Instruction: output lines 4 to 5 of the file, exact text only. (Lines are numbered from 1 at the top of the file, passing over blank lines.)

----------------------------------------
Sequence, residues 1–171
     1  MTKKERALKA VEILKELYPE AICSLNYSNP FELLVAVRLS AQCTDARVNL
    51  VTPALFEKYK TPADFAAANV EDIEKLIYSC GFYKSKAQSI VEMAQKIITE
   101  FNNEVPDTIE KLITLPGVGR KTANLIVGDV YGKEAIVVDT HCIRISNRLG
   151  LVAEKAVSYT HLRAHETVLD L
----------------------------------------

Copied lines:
   101  FNNEVPDTIE KLITLPGVGR KTANLIVGDV YGKEAIVVDT HCIRISNRLG
   151  LVAEKAVSYT HLRAHETVLD L